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Future of Gardiner Expressway debated at committee

WATCH ABOVE: A special committee meeting to discuss the future of the Gardiner Expressway gave those outside of city hall a chance to add to the debate. Mark McAllister reports.

TORONTO – The future of the Gardiner east of Jarvis St. was up for debate at the city’s public works committee Wednesday.

Toronto Mayor John Tory said on Tuesday he supports the hybrid option, which would remove a section of the expressway but maintain a continuous connection with the Don Valley Parkway.

WATCH: Toronto Mayor John Tory discussed the future of the Gardiner Expressway East, putting his support behind the hybrid approach

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He said this will allow lower travel times compared to the tear down proposal.

“Some will know that during the election campaign, I favoured the hybrid option,” said Tory.

“I did so because I believed then as I do know that we have to keep traffic moving in this city, not just traffic but commerce as well because commerce means jobs for people.”

A city staff report released in April suggests removing the 1.7-kilometre section of the Gardiner could generate up to $150 million in the sale of unlocked land but would also add three to five minutes of travel time during the rush hour commute.

Maintaining the Gardiner is also an option, but the report found it would be too expensive and makes little economic sense.

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Removing the Gardiner to create an eight-lane boulevard is by far the most cost-effective option, at $461 million, compared to $919 million for the hybrid option and $864 million to keep the aging roadway as-is.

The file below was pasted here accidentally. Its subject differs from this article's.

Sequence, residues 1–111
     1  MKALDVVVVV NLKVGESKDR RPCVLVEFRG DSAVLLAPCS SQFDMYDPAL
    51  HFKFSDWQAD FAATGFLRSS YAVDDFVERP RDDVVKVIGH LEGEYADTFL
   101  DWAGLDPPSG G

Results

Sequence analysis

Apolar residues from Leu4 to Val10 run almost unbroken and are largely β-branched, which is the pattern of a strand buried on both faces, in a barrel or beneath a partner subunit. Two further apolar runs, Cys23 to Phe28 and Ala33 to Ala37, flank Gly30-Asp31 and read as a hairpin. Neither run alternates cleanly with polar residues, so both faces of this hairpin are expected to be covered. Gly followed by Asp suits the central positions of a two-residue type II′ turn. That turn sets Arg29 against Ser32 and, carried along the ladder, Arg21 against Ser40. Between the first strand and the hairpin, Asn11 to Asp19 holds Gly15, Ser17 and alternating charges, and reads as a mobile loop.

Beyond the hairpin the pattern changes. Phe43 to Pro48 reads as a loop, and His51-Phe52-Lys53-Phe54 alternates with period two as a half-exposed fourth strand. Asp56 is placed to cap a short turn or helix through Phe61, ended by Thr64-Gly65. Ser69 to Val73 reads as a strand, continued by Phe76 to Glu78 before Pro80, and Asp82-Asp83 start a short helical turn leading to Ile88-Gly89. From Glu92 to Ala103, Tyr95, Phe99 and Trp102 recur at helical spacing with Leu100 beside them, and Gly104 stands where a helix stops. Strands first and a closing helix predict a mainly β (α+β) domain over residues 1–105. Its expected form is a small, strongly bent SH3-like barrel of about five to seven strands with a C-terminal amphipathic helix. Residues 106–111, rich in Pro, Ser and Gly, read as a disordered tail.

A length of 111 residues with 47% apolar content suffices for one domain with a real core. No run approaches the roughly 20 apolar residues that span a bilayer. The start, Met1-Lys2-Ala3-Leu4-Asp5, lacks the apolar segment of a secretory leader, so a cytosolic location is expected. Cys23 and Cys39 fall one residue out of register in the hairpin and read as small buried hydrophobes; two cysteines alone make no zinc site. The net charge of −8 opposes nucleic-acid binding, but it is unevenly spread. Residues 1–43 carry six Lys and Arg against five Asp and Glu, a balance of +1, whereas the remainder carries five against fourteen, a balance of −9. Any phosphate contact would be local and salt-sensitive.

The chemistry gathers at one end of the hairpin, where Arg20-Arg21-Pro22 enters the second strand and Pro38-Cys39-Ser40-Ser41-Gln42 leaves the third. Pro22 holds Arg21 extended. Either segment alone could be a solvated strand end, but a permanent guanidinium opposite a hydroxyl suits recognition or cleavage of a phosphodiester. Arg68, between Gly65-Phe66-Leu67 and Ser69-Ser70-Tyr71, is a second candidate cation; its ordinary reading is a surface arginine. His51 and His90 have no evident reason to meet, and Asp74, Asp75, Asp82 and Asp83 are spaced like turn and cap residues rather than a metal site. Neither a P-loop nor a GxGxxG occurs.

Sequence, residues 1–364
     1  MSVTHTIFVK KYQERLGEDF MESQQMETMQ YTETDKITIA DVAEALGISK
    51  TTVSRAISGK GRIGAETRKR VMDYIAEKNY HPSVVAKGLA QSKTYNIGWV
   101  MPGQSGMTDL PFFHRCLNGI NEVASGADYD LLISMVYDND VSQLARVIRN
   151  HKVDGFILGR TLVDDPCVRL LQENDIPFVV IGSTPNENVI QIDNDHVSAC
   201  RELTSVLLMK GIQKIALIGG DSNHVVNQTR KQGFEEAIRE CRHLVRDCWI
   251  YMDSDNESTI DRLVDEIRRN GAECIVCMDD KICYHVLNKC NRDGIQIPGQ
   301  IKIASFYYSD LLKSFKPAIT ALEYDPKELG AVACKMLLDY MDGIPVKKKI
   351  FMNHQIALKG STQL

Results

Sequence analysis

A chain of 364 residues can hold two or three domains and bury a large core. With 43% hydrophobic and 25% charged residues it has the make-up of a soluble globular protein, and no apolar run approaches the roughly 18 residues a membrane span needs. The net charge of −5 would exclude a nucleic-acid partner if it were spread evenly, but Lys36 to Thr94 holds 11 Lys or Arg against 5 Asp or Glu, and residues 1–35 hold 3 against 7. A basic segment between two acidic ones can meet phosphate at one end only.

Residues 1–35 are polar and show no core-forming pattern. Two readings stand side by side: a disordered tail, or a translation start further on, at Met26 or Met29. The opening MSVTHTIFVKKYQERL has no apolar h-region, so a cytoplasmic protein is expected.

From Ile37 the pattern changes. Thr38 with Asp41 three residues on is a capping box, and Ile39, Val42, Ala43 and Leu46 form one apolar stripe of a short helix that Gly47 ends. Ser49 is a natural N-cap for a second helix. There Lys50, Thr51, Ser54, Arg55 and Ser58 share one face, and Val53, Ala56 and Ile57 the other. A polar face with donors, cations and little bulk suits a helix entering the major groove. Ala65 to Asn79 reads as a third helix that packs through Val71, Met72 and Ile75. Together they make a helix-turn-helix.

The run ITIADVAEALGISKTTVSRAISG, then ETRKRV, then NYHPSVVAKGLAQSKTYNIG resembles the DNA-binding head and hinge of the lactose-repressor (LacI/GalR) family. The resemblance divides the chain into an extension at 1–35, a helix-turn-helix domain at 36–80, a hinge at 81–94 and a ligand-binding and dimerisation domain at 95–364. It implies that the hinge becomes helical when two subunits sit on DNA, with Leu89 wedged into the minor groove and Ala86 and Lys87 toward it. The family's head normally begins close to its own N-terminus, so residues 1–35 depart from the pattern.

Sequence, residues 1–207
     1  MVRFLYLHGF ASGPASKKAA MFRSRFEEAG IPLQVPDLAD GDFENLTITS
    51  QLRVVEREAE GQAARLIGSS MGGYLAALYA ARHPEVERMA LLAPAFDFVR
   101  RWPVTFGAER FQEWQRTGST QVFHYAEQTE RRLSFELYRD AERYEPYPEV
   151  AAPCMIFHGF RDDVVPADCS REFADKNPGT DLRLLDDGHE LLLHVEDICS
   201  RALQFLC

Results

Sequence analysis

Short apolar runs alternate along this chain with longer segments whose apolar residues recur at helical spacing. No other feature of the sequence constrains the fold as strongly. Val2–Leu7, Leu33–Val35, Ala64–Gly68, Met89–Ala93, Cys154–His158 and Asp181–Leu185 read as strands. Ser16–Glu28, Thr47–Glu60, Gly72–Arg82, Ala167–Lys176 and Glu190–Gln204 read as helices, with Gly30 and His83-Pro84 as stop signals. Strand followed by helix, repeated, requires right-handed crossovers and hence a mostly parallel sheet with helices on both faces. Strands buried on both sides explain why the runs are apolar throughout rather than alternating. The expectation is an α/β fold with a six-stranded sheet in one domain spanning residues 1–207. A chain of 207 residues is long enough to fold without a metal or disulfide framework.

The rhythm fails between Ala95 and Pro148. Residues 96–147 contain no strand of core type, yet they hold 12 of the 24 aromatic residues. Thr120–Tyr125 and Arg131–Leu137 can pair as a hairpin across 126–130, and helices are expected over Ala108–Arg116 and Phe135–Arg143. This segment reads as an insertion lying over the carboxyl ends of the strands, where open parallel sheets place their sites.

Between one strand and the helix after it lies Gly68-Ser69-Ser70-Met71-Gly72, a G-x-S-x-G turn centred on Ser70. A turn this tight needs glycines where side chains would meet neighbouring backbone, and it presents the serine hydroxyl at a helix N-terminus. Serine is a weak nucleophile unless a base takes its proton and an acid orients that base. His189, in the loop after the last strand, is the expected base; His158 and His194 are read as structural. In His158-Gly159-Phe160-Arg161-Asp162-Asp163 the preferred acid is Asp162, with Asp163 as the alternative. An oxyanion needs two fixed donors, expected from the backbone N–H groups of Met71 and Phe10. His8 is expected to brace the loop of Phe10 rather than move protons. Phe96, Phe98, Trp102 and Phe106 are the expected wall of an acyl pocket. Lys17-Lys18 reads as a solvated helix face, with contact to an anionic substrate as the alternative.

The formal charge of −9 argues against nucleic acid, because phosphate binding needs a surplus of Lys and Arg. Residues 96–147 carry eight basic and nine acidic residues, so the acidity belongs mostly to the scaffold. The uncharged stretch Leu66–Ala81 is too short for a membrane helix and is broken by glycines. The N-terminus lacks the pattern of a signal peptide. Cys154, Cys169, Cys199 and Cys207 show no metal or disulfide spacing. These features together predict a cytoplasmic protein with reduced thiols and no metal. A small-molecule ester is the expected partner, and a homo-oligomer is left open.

All options have their fans and opponents.

“Quite frankly, our concerns for the removal option are both the inconvenience that it’s going to create for commuters and users,” Jan De Silva, president & CEO of the Toronto Region Board of Trade. “The length of time for the construction to take place and the transit delays and the increased commute times that it will foster.”

Some advocates for the area where the debated section of the Gardiner sits want to see the space opened up. Cynthia Wilkey with the West Don Lands Committee said the hybrid option “retains an aging, ancient obsolete piece of infrastructure that is blocking development and access to the waterfront.”

She said the nearly $500 million in additional funds needed for the hybrid option over creating a new boulevard would be better used for public transportation, for the benefit of all.

“Whether transit is built or not is something that affects both options,” said Wilkey. “So without transit both options would have travel times increased between 3-5 minutes.”

City councillor Gord Perks said many on council are still weighing the options, as they sift through supporting documents.

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“There are a lot of hard conversations that we’re having,” said Perks. “We’re having conversations about what are city of Toronto priorities. Is our priority building a highway or is our priority fixing housing? We’re having conversations about the kind of living experience people want to have in Toronto 20, 30 and 50 years down the road.”

Perks said it comes down to having a vision for the city.

“Most of us, I think, are going to come down on the side saying ‘No we want a livable city. We want a city that is transit friendly, and we don’t want to spend all of our scarce dollars on highways.'”

The Gardiner proposal will be up for debate at full council in June.

Follow the debate on our LIVEBLOG with Urban Issues reporter Mark McAllister:

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